Remember: anybody could have done all of those things, and inevitably, somebody would have — they just wouldn’t have done them as well as Steve Jobs.  The iPod was not the first MP3 player, but it was the first one that anyone could immediately understand within seconds of picking it up for the first time.  iTunes wasn’t the first music-management program, but it was the one that offered the most elegant path from CD — and later, more importantly, online store — to music player (and phone, and tablet, and…).

The list goes on and on: Pixar became the first computer animation movie studio basically by default, but Pixar’s movies were so amazingly good, they basically ran every traditional animation shop out of business, and forced the other studios to develop their own (far inferior) CGI shops just to compete. A portable telephone that doubled as an internet device was a long-predicted product in the tech world, but nobody came close to getting it right until Jobs introduced the iPhone in a mesmerizing 2007 presentation.

Think about that for a second: that speech was only four years ago.  In the time it (notionally) takes for a high-school graduate to become a college graduate, the entire world changed the way it communicates, thanks to Jobs and his singular drive for elegant, eminently useful products. Can you really remember, now, what it was like when you didn’t have that magical box of wonders in your pocket?

Jobs’ last project (at least the last one we on the outside know about), the iPad, is the apotheosis of his life-long vision of an exquisitely simple sealed box.  He always hated the messy mass of wires and switches and geegaws protruding out of a computer; the iPad was the distilled result of three decades of brutal, relentless simplification: just a sheet of glass and a single button, but it brings you the world.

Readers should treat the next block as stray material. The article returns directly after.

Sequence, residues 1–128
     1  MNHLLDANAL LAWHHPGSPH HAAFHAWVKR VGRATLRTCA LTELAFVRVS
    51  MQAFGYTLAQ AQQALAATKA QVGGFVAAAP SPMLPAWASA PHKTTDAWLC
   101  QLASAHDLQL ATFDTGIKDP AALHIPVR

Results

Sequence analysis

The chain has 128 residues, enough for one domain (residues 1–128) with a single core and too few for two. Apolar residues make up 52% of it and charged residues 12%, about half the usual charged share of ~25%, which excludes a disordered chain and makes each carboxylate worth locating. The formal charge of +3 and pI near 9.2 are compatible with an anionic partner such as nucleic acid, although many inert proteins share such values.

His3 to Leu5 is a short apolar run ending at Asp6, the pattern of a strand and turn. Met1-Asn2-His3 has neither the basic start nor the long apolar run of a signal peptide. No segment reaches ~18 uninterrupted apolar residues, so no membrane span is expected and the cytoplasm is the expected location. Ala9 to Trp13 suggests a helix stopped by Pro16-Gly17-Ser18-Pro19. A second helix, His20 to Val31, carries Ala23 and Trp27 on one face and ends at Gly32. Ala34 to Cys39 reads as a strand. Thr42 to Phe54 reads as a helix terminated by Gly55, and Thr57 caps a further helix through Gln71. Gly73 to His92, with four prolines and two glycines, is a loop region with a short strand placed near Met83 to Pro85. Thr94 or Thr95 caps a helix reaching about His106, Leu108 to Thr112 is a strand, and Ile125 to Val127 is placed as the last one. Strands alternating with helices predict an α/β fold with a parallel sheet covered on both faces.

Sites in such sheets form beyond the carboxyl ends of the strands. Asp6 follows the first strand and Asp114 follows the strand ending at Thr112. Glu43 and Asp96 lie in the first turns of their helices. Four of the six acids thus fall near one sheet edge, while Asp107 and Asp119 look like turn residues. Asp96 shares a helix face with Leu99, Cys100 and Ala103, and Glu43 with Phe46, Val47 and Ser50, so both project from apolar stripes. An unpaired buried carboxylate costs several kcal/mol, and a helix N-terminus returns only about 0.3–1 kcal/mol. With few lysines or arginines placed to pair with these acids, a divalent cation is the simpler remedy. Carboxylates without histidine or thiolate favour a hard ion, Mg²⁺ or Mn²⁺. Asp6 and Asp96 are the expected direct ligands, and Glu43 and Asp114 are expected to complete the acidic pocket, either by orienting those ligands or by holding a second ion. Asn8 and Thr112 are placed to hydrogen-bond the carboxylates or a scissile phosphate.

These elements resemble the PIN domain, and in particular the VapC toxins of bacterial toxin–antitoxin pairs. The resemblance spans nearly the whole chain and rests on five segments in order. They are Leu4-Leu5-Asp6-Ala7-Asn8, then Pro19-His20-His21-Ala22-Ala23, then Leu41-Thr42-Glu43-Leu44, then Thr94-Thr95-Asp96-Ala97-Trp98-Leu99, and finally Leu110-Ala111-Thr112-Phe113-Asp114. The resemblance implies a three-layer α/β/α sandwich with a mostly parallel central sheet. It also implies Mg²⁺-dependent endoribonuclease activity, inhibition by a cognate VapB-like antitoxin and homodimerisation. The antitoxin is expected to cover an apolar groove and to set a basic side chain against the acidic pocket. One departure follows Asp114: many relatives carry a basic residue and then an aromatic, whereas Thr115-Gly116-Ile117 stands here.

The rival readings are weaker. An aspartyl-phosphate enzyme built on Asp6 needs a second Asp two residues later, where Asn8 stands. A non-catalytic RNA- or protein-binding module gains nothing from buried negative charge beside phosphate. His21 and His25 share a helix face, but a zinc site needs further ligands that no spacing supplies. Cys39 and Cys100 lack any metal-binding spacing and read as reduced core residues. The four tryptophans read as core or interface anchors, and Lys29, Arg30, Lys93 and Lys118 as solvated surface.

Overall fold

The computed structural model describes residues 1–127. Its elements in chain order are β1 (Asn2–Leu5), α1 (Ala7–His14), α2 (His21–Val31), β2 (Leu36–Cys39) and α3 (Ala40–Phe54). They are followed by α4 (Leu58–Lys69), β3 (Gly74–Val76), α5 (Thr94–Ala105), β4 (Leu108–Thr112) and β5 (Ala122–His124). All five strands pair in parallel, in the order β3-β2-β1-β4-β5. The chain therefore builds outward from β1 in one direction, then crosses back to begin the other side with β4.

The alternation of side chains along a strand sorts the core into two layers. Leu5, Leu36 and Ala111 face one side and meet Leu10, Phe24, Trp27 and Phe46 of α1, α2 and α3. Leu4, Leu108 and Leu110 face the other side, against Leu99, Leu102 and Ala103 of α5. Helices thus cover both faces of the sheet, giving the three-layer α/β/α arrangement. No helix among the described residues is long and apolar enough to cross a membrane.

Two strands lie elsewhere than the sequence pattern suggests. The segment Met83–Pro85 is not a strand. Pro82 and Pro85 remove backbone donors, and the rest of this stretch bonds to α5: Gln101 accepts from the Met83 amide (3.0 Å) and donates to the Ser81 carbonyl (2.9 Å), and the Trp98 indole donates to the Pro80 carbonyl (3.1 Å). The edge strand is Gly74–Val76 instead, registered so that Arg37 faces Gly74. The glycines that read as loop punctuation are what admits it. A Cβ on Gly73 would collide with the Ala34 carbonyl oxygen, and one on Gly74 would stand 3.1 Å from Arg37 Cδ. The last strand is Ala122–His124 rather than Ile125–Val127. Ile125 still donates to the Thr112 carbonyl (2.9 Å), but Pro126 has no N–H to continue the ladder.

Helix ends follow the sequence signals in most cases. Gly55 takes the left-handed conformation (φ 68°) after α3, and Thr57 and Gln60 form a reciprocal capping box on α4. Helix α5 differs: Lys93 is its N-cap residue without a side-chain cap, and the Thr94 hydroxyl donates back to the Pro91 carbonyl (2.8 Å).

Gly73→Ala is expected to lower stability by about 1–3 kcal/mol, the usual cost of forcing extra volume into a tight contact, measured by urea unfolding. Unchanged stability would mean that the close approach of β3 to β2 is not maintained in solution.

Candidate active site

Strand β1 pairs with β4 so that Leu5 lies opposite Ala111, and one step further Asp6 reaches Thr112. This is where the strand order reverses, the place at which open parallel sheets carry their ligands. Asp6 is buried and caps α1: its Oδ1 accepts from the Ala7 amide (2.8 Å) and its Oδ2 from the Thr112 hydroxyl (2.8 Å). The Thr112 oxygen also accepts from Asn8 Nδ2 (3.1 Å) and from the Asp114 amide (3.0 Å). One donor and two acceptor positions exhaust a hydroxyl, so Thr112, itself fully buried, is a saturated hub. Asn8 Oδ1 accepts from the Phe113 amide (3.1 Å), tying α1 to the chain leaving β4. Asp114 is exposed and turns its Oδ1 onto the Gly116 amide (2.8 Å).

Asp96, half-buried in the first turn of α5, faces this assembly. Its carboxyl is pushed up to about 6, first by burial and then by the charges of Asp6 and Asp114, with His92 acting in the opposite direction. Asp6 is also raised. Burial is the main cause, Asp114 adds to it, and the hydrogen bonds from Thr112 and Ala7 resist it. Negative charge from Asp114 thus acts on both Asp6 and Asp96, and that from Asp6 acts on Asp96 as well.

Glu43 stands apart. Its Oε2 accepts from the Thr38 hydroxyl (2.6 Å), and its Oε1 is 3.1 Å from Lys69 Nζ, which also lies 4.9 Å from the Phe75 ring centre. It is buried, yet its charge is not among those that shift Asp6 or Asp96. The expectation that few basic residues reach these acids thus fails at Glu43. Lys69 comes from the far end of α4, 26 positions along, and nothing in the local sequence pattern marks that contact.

Jobs, like any mortal, had his failings and failures. Arguably the worst was recruiting Pepsi executive John Sculley as Apple’s CEO in 1983. Sculley proceeded to drive Jobs out of the company and Apple straight into mindless corporate blandness, but Jobs’ original pitch to Sculley, the pitch he made to so many struggling engineers and to everyone, everywhere who would settle for “good enough” still rings out, even from the grave:

“Do you want to sell sugar water for the rest of your life, or come with me and change the world?”

Will Collier is an aerospace engineer and writer living in metro Atlanta. Will has written for numerous magazines and newspapers, including National Review Online, the Atlanta Journal-Constitution, the Birmingham News, and Inside the Auburn Tigers magazine.